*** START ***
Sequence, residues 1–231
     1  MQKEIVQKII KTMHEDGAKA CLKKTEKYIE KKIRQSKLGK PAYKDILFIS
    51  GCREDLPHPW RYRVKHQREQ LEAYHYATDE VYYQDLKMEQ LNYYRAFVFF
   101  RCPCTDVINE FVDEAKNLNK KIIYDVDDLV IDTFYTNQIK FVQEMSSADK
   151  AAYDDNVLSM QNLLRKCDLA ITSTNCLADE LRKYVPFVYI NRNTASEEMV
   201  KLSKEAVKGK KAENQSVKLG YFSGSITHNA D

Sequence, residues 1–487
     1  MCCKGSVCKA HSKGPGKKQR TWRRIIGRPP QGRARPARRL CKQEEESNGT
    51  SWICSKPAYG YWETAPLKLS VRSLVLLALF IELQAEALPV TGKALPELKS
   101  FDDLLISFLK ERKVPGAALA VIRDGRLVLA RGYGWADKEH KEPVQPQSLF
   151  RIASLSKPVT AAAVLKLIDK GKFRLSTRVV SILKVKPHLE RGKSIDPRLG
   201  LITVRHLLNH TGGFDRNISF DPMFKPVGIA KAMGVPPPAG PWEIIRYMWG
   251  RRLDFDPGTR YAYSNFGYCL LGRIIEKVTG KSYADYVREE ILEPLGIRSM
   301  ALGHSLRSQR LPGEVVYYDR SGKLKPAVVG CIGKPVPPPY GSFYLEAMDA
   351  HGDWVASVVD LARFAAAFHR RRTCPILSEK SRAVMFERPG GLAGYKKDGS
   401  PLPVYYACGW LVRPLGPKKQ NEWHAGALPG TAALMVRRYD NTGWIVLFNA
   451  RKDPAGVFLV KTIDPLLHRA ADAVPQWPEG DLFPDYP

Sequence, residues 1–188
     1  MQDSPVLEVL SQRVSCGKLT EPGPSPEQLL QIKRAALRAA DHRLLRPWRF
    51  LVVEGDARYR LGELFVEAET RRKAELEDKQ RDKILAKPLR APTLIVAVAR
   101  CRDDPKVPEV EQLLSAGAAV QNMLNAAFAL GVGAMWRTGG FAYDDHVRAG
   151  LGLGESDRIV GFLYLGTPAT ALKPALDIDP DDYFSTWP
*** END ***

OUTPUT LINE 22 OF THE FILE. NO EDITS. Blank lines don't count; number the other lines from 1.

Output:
   151  LGLGESDRIV GFLYLGTPAT ALKPALDIDP DDYFSTWP